Climbing Helmets

Climbing Helmets

Climbing helmets are designed to protect you against several common climbing scenarios; for example, when rocks or hardware get kicked loose above you. Or you peel off and whip into a wall. Or you hit your head on an overhang.

All helmets must meet industry standards for impact protection, with the standard for overhead protection being greater than the side-protection standard.

Climbing helmets come in two main types, Shelled Foam Helmets and Hardshell Helmets. Helmet makers use different terms for each type of helmet, so focus instead on telltale construction details like shell hardness, foam thickness and number of vents.

Whether you choose a classic hybrid lid or cutting edge superlight foam model, every single climbing helmet we sell has had to go through the same series of safety tests. Climbing helmets can be put forward for certification by two bodies: the European Committee for Standardisation (CEN) and the Union Internationale des Associations d’Alpinisme (UIAA).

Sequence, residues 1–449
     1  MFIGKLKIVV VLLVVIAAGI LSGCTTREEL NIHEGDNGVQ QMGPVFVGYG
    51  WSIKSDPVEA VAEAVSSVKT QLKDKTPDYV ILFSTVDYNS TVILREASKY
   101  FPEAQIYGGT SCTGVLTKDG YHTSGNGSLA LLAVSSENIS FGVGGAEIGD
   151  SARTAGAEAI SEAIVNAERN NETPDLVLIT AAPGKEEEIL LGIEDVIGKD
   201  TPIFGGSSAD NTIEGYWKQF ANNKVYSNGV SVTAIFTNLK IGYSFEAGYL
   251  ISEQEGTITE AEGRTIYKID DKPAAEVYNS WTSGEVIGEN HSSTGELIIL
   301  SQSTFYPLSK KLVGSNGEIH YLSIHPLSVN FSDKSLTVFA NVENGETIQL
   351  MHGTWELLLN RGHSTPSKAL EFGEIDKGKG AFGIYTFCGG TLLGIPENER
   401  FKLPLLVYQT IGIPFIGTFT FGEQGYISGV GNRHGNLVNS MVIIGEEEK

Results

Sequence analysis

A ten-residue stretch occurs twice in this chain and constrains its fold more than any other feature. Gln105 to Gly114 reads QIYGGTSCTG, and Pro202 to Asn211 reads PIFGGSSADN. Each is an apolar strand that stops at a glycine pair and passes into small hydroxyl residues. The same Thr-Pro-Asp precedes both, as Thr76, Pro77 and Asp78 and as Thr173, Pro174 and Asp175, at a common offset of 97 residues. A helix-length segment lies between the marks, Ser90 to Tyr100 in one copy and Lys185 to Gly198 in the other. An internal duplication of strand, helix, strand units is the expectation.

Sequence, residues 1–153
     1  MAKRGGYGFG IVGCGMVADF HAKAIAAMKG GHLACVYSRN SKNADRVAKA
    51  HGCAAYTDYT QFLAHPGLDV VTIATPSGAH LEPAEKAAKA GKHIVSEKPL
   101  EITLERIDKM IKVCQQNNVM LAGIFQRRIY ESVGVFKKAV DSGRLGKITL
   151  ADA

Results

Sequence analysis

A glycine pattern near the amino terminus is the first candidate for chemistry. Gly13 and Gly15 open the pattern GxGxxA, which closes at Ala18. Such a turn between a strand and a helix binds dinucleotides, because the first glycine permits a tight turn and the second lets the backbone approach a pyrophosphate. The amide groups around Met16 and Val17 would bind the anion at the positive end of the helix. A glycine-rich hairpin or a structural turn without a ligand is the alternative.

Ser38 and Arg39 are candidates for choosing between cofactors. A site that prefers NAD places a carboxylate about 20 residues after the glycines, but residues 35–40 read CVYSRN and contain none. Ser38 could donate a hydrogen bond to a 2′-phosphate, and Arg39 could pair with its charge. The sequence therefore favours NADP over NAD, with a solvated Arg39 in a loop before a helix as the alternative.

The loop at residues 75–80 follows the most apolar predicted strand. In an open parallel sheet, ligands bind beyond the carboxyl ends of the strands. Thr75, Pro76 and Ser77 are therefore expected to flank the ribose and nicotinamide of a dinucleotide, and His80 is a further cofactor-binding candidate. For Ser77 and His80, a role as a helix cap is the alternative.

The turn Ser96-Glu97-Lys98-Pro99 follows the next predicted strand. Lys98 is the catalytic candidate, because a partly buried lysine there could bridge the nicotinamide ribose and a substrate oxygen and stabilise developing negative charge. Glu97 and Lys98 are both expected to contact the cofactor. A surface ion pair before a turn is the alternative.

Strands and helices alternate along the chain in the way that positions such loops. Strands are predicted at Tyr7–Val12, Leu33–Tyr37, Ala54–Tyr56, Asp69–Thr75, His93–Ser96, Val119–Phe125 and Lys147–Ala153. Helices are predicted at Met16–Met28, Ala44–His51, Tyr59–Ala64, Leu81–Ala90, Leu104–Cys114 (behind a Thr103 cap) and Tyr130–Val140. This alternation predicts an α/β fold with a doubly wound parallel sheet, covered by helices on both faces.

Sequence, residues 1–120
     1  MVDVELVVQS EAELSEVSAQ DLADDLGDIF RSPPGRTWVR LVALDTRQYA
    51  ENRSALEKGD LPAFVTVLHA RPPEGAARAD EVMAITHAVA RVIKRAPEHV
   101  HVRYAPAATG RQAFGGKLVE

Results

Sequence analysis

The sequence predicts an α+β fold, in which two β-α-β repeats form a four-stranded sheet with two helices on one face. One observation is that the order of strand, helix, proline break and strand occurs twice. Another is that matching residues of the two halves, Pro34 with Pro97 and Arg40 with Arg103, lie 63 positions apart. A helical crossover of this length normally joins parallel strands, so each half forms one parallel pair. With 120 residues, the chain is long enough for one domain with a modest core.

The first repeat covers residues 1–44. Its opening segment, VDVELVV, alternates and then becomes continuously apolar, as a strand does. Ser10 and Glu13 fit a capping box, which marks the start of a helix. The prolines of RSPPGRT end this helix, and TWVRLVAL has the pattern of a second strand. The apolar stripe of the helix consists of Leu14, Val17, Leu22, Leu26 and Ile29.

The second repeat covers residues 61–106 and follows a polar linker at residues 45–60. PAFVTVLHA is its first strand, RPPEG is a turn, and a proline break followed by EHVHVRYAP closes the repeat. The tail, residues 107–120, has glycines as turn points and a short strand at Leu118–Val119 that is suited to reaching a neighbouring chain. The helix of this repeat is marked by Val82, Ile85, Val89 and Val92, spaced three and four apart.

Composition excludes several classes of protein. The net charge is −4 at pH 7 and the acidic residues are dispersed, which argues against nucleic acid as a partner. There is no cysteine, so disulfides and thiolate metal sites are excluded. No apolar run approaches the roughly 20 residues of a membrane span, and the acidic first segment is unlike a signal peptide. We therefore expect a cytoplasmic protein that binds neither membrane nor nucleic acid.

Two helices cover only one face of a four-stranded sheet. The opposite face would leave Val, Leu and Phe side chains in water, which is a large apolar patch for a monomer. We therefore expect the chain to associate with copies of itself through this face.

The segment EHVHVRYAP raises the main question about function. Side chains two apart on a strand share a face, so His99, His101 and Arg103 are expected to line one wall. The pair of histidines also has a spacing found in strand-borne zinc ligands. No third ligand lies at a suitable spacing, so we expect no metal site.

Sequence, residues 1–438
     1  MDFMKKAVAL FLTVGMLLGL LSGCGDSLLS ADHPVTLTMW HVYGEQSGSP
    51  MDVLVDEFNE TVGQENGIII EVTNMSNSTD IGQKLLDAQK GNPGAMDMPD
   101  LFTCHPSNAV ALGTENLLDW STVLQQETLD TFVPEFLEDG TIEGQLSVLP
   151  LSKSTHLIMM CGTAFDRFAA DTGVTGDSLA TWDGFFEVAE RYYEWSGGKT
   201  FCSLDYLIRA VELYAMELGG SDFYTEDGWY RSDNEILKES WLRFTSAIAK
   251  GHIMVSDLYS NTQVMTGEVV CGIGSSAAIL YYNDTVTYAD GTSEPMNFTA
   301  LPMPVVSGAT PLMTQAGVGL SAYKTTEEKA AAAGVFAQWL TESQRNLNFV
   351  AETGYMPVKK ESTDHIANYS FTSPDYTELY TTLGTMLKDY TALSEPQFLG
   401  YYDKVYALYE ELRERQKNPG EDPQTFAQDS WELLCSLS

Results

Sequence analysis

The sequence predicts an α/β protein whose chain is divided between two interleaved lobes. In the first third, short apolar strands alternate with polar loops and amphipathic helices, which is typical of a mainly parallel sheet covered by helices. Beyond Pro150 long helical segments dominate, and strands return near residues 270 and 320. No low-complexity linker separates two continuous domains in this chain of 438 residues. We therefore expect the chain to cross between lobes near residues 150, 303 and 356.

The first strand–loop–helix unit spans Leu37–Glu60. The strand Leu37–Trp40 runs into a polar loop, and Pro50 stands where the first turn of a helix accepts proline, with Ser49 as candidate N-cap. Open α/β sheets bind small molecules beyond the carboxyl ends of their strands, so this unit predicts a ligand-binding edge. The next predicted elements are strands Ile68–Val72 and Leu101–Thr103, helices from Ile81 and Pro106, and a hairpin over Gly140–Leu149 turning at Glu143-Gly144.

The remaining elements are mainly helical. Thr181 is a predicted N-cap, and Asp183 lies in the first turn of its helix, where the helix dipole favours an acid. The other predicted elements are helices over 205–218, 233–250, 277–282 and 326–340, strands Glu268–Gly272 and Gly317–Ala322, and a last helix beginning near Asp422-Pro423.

The test rig is set up with a climbing helmet on a wooden head form. A blunt 5 kg weight is dropped onto the top of the helmet from 2 metres. Side, front and rear impact tests are also performed. For all these tests, the maximum force imparted through to the head form is 10kN for EN-12492 certification and 8kN for UIAA-106 certification. The lower the impact force, the softer the blow felt by your head. Since UIAA standards are higher it is worth checking for their label as well as the usual CE mark.

The last impact test is also the simplest. A cone-shaped 3kg weight is dropped onto the top of the climbing helmet from 1 metre. The tip of the cone simply must not penetrate the helmet. If it touches the head form, the helmet has failed.

Even the retention system has to meet certain standards. When pulled downwards the chin strap should withstand a force of 500 Newtons without breaking and without stretching more than 25mm. There is also a slippage test which assesses resistance to pivoting off the head when a force is applied upwards against the rear of the helmet.

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